Outside of the brick-and-mortar stores, Bunnings underwent a complete digital transformation. Within ten weeks, local delivery and a drive-and-collect service were added, which minimised the level of interaction between customers and staff; an app was launched that allows customers to find products in-store; and the Bunnings power pass trade account offering was ramped up, allowing Tradespeople to avoid queuing at registers.
While the effects of the virus haven’t been kind to all of Wesfarmers conglomerates, the sales growth for Bunnings in April 2020 was ahead 5.3% year on year.
CHALLENGE 1 - Preparing for a second wave of COVID-19
However, the challenge thereby faced moving forward is maintaining integrity, particularly as case numbers remain low. Clint Wolff suggests that risk is still high, especially as deliveries and products are still being transported and coming into warehouses and logistics work environments. It is therefore, the due diligence of management teams; encouraging the workforce to adhere to protocols while enforcing where necessary.
42% of warehousing and logistics respondents said that they believe everything will return to normal in less than 2 years, making them the most cautious group in the industry sectors.
Fortunately, tough initial covid-related restrictions in Australia has meant that we are now able to control any small outbreaks of the virus.
If a larger-scale outbreak was to occur in Australia again, we’re in a much better position for handling restrictions and should be able to continue to operate normally, however, this requires a level of readiness, particularly by way of contact tracing and risk management.
CHALLENGE 2 - The threat of COVID-19 to warehousing and logistics
In the week following the World Health Organisation’s declaring of COVID-19 as a pandemic, online purchases in Australia increased 28% year-on-year, before continuing to climb and peaking at 135% year-on-year the week after Easter.
In the early stages of lockdown, the initial focus for shoppers was essential items. Then, as uncertainty increased, ‘panic buying’ set in, which saw mass amounts of groceries, pharmaceuticals, hygiene products, alcohol and toilet paper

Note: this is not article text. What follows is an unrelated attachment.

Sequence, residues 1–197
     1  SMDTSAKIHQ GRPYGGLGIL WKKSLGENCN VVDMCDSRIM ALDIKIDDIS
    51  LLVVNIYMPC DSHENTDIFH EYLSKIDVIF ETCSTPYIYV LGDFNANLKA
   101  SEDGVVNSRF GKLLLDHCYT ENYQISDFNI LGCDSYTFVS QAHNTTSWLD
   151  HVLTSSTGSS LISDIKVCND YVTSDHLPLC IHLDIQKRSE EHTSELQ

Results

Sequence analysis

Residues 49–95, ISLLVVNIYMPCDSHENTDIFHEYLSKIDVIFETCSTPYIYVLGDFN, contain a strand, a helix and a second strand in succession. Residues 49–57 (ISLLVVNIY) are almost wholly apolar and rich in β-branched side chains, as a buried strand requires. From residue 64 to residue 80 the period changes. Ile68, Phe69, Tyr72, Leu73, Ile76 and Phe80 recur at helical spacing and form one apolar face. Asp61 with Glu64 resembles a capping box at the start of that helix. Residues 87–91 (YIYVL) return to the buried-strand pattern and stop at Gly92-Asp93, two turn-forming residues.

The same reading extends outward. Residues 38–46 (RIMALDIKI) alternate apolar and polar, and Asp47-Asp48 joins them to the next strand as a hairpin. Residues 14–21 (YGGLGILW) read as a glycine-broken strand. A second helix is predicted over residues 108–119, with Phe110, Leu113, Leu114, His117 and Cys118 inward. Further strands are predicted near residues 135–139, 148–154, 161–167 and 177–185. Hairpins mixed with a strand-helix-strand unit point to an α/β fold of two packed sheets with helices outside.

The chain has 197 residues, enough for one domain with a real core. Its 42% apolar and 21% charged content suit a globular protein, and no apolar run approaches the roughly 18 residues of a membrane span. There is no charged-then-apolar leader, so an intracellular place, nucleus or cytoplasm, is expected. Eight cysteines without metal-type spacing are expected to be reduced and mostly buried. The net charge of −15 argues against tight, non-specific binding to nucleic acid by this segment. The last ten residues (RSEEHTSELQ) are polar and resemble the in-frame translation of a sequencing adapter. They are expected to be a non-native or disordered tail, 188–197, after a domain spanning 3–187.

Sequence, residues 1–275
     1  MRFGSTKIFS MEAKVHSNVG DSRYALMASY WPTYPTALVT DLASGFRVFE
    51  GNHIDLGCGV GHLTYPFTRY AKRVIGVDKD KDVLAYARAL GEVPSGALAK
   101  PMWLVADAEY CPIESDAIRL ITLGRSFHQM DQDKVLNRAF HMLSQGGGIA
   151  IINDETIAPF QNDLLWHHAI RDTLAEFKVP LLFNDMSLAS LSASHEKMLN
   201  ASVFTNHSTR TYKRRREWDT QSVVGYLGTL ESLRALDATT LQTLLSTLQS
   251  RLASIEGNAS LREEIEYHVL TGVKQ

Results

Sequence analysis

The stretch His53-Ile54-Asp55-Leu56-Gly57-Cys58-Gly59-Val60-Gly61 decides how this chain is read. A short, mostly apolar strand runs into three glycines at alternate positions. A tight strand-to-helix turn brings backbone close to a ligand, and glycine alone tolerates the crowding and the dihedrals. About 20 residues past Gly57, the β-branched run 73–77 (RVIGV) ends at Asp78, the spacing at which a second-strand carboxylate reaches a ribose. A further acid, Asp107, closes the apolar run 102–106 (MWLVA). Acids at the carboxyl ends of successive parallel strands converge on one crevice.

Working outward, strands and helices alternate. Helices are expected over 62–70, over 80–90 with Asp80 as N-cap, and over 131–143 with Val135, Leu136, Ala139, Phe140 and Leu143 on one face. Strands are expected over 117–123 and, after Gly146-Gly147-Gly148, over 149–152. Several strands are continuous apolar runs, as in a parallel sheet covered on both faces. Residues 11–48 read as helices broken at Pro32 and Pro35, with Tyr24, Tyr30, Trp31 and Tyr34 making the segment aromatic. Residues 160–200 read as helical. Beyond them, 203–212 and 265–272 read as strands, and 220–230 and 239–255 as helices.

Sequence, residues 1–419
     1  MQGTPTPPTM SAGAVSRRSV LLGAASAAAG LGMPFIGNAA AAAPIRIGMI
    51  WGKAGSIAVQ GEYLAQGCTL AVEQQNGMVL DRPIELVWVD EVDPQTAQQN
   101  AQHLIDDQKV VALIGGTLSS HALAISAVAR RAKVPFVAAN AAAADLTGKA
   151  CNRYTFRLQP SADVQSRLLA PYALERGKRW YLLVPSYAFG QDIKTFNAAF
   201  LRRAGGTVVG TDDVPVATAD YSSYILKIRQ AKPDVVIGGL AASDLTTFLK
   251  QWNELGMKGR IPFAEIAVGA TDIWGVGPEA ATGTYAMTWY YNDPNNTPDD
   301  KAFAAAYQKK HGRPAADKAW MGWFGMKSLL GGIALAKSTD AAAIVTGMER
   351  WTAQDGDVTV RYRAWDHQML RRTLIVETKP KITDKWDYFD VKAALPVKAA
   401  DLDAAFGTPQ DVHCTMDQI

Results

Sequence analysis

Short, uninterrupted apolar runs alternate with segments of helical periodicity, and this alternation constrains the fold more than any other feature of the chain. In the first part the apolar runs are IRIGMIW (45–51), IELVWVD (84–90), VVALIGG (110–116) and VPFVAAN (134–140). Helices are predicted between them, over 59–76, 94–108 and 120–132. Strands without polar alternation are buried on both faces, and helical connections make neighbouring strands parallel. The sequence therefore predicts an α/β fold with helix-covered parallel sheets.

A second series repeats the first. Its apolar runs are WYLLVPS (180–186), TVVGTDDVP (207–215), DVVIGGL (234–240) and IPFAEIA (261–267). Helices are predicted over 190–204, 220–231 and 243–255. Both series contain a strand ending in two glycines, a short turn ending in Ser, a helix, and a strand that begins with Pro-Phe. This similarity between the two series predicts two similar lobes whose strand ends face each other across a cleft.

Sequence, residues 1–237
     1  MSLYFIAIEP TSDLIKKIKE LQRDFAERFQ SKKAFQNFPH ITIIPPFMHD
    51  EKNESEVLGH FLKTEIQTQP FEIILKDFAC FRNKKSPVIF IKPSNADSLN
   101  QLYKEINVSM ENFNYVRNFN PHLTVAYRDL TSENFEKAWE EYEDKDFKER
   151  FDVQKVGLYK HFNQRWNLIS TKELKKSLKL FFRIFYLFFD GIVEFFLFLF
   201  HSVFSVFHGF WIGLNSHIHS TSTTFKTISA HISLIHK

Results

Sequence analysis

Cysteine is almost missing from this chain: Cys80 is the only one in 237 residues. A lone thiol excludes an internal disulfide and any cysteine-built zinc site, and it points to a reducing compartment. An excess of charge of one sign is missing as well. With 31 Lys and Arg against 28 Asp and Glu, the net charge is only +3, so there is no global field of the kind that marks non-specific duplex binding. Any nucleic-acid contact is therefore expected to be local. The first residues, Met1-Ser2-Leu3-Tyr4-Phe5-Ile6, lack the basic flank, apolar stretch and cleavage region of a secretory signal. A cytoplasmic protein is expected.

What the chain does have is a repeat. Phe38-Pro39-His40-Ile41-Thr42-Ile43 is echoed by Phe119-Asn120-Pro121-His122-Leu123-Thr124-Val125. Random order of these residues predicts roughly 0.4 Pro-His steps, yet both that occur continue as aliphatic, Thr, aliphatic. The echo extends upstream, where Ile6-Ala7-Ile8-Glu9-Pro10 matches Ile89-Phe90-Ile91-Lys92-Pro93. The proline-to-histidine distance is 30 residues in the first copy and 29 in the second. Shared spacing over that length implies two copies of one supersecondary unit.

being purchased. However, as government communications on the restrictions became more clear and people understood what could and couldn’t be obtained so easily, a more measured approach towards buying essentials was seen.
Following the initial panic, as Australians began to settle into life at home full-time, online purchases shifted towards entertainment, self-improvement, DIY, comfortable clothing and gifts for connecting with loved ones.
As a result of self-isolation, the majority of people were receiving online orders at home. In fact, 91% of all deliveries went to home addresses in April 2020; a 9% increase in comparison to the whole of 2019.
As a result of the pandemic and increase in online orders and deliveries, shoppers have become more particular than ever before about how their parcels are delivered. Parcel lockers have remained a popular choice (however, CBD usage of lockers was down 25% in the week commencing 3 May 2020, when compared to the week commencing 8 March 2020 – this shortfall was covered by an increase of 25% of parcel lockers used outside of CBD locations), as has Click and Collect, which has continued to grow; Click and Collect Shoppers grew by 7% between July 2019 and March 2020 when compared to the 2019 financial year.
Despite the quickly-adopted solutions to face-to-face delivery methods, caution still plays a part throughout the entire supply chain process; requiring businesses within the industry to introduce further workplace and workforce safety and security measures.
Introducing Contact Tracing - Are Warehousing and Logistics Businesses Ready?